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The Blanket - A Journal of Protest & Dissent

Rathenraw Threat


Anthony McIntyre • 19 August 2004

Perhaps it was naivete, but with the bad press Sinn Fein had taken over the ongoing party intimidation in the Antrim estate of Rathenraw, there was an expectation that wiser heads within the body would have prevailed and acted as a foil to the rampant intimidation currently directed at those who have parted ways with the Adams-led nationalist party. Spin reversals in the media, preceding briefings by what the Irish News described as ‘a senior IRA source’ denying that Sinn Fein’s military wing was involved in threatening residents, suggested that the politicians behind the harassment may have had their horns pulled in. Yet today, the chairperson of Rathenraw Community Association, Paddy Murray, has been the recipient of further abuse and death threats over the phone.

While there is no solid evidence that Sinn Fein was involved a number of journalists suspect that it was. Moreover, the Murray household was visited by the PSNI this afternoon and the family was informed that the police had information that the Provisionals would be expelling them from their home over the coming days. Again, while it could be PSNI mixing or the result of inaccurate information being received, the fact that Sinn Fein militia men surrounded the Murray home on Friday last, one of whom wore a balaclava, means that the PSNI warning cannot be lightly dismissed.

The fears of Paddy Murray and his colleagues on the Rathenraw Community Association are compounded by the fact that during Friday’s intimidation the high profile Sinn Fein councillor for the area, Martin Meehan, admits to having been in the estate. This was shortly after he had informed two local Antrim newspapers that the ‘Republican Movement’ would not tolerate the ongoing problems in Rathenraw estate: ‘action would be taken against those involved.’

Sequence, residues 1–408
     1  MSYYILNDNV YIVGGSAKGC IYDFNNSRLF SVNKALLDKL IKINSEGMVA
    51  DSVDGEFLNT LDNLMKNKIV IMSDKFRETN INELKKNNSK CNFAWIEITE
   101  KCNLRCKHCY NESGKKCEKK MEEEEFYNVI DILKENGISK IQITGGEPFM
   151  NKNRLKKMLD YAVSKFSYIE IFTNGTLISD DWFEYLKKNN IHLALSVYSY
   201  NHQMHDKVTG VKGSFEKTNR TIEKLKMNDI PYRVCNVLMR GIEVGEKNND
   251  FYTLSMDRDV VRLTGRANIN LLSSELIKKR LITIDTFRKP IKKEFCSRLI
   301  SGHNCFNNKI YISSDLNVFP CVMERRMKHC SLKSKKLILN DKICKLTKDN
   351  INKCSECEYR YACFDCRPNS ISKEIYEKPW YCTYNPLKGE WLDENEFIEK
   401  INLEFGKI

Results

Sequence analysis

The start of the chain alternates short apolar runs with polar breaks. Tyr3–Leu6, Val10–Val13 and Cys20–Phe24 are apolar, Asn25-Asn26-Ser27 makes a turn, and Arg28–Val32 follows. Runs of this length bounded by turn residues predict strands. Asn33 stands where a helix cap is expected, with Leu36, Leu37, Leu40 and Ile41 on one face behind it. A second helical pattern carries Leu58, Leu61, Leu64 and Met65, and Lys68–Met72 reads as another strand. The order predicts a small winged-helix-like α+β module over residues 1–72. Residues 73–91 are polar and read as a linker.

Furthermore, whatever reassurance Paddy Murray and his family may take from today’s Provisional IRA comments the militia’s discourse as reported in the Irish News was replete with language similar to that used when the organisation lied through its teeth while seeking to evade culpability for the October 2000 shoot-to-kill murder of Ballymurphy Real IRA member Joseph O’Connor. Dismissing claims that the IRA had issued death threats against either Mr Murray or other members of the Rathenraw Community Association, the senior IRA source said:

In recent days the media has carried allegations about IRA threats against individuals in the Antrim area. These allegations are total nonsense. They are being said by individuals seeking to promote themselves and pursue personal agendas.

In October 2000 the same body said:

In light of the speculation and allegations surrounding the killing of Joseph O'Connor, the IRA wishes to state that it was not involved in his death. The IRA leadership extends its condolences to the O'Connor family. Malicious accusations suggesting IRA involvement are designed to heighten tension and promote the agenda of those opposed to current IRA strategy.

Then, as now, Sinn Fein representatives were unavailable for television interview. Paddy Murray insists that the campaign of harassment has moved up a level with Sinn Fein’s Martin Meehan claiming that a criminal gang was involved in the intimidation of people in the Rathenraw estate. Meehan asserted that there are those within the estate ‘who are using the name of the Republican Movement to cover their anti-social and anti-community actions.’

Speaking to a West Belfast paper of dubious record the Sinn Fein councillor insisted that: